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2/11/2013: Fran McCaffery teleconference transcript (premium)

Posted on 11. Feb, 2013 by in Iowa Basketball

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By Brendan Stiles

HawkeyeDrive.com

Below is a written transcript of Iowa head coach Fran McCaffery’s teleconference on Monday with the Big Ten media:

McCaffery’s opening statement:

“Well, I think we had an interesting week. Tough double overtime loss at Wisconsin. A lot of good things in that game for us. Most importantly, I thought we played good defense. They played better than us down the stretch and they won, but I’m proud of a lot of the things we did in that game.

“Had to come back and play a team at home that we play really well in Northwestern and took care of business there again with what I thought was another really good defensive performance. Anything short of that, you’re going to get beat by Northwestern. It was great to see Devyn Marble in particular go for 21 [points]. That’s the most he has scored in quite some time. He’s playing with great confidence and that’s good for us.”

On if he likes his team’s road preparation and approach with road games:

“I do, but I think, you know, if you look at it, there has been a concerted effort collectively to be a better team defensively. I mean, it’s right there in the numbers. Now granted, we’re much deeper than we’ve ever been and that helps tremendously. But we’ve got great senior leadership from Eric May and he’s right in the middle of all of that and even though in those games you’re referring to we didn’t have some of the greatest offensive performances, it was our defense that kept us in those games and put us in a position to win.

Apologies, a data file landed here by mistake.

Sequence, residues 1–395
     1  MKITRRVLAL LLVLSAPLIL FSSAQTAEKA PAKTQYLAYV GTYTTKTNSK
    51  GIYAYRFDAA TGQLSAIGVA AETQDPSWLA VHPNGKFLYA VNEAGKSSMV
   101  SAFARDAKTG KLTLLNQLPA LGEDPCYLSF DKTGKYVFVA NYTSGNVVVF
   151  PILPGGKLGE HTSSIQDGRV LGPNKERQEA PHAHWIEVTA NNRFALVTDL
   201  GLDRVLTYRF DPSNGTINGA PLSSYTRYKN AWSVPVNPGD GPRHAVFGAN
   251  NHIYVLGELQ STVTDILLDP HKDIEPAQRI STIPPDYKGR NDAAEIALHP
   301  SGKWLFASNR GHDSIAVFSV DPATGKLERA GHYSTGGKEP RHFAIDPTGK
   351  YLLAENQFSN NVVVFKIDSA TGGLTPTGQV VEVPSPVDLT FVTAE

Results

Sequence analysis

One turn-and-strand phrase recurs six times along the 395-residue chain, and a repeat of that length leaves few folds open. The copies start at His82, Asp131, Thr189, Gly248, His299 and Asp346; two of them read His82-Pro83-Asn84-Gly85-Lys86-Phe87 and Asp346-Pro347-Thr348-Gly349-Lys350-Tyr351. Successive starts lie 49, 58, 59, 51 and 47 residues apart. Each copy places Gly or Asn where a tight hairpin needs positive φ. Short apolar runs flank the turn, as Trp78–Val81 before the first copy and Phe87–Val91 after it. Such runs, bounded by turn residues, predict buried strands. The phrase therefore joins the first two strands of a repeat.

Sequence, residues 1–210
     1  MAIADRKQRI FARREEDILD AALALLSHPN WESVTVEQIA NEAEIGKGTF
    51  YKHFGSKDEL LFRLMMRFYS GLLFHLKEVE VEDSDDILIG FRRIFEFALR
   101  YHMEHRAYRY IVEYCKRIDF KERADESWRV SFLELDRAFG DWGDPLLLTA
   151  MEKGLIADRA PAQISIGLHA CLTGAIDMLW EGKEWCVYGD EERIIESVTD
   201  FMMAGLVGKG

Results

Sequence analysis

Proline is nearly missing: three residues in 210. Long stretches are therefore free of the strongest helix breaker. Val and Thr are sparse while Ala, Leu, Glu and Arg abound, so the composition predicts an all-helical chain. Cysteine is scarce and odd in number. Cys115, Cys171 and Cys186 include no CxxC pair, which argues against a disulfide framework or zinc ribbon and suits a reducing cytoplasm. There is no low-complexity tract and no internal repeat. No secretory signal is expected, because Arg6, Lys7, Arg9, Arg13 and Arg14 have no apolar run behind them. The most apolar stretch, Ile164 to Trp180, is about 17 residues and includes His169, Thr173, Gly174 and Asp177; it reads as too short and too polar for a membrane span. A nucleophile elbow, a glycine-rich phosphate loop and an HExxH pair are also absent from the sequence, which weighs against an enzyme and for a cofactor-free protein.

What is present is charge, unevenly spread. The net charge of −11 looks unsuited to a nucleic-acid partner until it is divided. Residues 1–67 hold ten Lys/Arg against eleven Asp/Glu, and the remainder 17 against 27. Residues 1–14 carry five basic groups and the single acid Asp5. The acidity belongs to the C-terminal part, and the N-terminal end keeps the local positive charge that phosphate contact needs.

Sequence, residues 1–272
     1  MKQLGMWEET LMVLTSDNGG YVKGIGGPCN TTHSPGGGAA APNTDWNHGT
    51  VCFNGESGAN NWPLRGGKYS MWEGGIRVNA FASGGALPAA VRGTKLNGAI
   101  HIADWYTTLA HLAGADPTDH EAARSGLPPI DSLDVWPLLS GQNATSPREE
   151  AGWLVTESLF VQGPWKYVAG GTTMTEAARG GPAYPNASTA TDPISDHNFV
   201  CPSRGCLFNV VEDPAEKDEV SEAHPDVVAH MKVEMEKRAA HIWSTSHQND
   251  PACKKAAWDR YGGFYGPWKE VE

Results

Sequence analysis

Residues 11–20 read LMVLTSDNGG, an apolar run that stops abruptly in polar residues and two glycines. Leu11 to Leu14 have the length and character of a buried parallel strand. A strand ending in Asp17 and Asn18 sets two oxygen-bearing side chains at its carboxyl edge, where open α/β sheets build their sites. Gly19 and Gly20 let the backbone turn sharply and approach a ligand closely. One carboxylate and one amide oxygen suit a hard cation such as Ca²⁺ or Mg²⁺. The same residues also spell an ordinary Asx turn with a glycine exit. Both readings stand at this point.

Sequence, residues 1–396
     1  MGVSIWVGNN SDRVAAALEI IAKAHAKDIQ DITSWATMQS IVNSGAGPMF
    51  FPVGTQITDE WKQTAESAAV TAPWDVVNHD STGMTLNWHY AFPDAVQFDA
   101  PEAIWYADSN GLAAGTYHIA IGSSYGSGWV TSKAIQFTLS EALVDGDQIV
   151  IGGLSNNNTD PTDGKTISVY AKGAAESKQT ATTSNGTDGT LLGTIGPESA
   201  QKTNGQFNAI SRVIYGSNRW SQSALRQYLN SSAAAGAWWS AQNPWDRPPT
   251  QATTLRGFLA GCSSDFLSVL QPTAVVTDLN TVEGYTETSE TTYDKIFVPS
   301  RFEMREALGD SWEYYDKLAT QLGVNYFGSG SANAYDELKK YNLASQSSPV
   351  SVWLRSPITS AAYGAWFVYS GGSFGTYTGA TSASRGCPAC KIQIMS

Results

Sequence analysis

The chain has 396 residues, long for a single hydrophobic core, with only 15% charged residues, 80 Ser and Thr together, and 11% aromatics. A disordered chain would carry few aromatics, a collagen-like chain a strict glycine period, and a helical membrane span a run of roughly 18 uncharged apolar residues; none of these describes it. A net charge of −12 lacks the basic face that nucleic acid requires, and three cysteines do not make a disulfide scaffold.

“It’s always hard when you lose those kinds of games. It’s gut-wrenching. But you know, I think you have to keep perspective and say, ‘You know what, if we played offensively like this in the past couple of years on the road, they were 25-point Ls.’ So I think we’ve made great progress.”

On if he sees resiliency as a strength of his team despite the wins not showing it:

“Yeah and I think it’s hard to, you know, … I was listening to the part with [Indiana head coach] Tom Crean and he sort of referenced this. You know, you look at your scores and if you win, you feel like all’s right with the world and you lose and everything’s horrible and the whole world, the roof has caved in on us. The reality is, and I’ve said this many times to you in particular, it’s never that good, it’s never that bad.